• Access / Directions

    64km SE of Perth, along Brookton Hwy to Christmas Tree Well picnic area entry road on left (about 700m after Dale Pine Plantation and before Yarra Road). Follow the entry road to Christmas Tree Well picnic area about 500m off Brookton Highway (signposted on Brookton Highway). Park at the picnic area carpark.

    Google Map

  • Nearest campsite/s


  • Escape route/s

    To Brookton Highway and/or Dale West Road (dirt road) in south, and/or via Yarra Road (dirt road) which runs north-south.

  • Other Info.

    Bauxite mining – WalkGPS page.

    “Forests on Foot (40 walks in W.A.)”,  Meney & Brown, 1985, pp.93-95 (Wescolour Press, Fremantle).  – Includes a 9km walk which follows a partly similar route to this walk, plus good descriptions of the vegetation. Can be viewed at State Library of WA (book Call Ref. # 919.412 MEN).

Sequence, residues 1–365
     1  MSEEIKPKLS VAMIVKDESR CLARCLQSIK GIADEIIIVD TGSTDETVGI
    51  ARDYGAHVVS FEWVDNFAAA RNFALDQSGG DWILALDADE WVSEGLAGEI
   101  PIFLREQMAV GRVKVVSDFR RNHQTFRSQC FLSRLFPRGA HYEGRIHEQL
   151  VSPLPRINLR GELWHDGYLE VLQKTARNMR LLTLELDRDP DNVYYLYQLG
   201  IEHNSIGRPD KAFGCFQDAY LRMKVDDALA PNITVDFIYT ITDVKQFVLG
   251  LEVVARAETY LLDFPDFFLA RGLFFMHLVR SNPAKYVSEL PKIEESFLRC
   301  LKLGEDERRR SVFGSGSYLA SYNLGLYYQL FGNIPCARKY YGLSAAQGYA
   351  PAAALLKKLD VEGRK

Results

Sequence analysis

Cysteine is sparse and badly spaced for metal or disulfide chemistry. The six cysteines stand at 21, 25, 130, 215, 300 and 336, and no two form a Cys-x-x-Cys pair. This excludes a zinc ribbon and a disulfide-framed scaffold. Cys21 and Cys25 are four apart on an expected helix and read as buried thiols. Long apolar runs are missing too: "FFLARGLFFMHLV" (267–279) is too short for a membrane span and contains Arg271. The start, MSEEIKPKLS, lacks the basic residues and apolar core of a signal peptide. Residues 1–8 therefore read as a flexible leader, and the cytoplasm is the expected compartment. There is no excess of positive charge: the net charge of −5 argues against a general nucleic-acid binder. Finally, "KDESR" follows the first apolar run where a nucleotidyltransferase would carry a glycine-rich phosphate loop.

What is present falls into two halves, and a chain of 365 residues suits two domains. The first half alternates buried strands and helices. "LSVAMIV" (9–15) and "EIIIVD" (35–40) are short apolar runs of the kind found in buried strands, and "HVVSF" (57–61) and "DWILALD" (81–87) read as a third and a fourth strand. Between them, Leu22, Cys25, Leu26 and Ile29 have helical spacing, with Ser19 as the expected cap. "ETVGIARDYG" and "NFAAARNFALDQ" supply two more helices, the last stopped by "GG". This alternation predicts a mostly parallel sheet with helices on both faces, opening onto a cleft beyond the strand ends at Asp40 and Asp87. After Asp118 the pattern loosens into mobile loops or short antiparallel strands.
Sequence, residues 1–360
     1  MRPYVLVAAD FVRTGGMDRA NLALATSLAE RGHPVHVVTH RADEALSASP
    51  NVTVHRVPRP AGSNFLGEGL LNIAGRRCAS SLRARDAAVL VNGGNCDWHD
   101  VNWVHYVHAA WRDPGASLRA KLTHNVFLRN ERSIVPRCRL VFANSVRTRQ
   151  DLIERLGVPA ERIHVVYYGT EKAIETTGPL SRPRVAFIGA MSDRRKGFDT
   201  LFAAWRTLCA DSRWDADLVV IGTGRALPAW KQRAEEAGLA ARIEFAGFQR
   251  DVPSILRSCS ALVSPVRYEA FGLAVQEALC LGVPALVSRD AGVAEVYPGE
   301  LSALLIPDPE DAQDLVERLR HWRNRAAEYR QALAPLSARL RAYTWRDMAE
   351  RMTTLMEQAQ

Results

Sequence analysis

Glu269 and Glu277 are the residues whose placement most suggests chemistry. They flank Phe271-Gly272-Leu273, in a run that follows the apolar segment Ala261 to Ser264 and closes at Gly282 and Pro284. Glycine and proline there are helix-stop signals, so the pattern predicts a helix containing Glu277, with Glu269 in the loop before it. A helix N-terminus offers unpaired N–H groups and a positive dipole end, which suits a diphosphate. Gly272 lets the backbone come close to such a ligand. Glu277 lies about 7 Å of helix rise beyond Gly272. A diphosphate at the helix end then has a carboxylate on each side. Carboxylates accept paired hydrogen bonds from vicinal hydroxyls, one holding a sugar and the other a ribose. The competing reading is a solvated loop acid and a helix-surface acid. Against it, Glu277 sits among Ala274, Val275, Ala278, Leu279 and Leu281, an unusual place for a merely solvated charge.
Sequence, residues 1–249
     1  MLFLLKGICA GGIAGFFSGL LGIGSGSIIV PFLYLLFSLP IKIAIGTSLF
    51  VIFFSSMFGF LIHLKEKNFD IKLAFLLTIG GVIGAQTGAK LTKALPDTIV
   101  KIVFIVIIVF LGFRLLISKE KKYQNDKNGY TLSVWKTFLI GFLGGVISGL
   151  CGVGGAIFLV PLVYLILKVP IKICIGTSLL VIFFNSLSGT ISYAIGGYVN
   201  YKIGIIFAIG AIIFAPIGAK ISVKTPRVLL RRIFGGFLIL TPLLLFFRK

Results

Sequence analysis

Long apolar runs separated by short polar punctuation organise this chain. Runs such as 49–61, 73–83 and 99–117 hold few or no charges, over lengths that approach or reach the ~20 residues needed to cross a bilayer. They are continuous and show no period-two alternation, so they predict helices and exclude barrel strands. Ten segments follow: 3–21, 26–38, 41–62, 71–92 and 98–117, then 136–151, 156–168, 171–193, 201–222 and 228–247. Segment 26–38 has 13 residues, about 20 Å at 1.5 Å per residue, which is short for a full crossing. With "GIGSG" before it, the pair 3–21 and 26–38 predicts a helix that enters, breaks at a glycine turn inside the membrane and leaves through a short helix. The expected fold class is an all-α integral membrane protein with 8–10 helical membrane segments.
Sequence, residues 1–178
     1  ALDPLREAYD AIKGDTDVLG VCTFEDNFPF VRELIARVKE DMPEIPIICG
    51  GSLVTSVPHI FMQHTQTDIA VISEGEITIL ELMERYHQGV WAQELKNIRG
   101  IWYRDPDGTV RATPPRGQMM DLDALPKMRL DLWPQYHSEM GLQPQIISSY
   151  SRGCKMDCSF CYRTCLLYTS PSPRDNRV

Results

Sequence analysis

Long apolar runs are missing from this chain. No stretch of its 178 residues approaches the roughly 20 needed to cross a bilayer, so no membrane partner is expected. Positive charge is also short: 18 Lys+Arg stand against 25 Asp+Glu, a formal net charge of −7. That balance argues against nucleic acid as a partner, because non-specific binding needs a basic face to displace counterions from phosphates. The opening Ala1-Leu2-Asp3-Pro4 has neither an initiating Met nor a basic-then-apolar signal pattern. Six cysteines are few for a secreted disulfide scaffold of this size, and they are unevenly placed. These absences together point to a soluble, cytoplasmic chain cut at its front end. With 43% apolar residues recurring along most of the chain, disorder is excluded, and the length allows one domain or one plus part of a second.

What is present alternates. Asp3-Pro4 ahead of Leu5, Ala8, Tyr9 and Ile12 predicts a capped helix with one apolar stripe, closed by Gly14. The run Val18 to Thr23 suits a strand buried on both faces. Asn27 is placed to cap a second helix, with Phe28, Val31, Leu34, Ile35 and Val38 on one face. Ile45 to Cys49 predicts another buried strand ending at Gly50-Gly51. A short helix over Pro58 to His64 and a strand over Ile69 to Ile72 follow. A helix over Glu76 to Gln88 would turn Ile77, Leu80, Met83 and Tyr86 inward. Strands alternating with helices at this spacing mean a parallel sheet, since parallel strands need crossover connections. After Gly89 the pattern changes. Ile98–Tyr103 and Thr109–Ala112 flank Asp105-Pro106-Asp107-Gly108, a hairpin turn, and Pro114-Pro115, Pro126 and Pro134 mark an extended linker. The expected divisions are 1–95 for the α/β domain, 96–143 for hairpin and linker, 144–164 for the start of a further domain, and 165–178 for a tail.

“Forest Management Plan 2014-2023”,  Conservation Commission of W.A. – Appendix 1, p.137 of the Plan identifies the area of old growth forest and proposed Russell Conservation Park (Plan ID#33).

    “Future impact of bauxite mining” under ‘Alerts / Issues’ on this page.

    Other map availability

    South West WA 25K Scale Topo Maps”, Greg Harewood & Landgate,  2015.  – Digital raster; ECW format on 16GB USB. See tile #311-2133-I-SE for relevant map coverage.

Back to top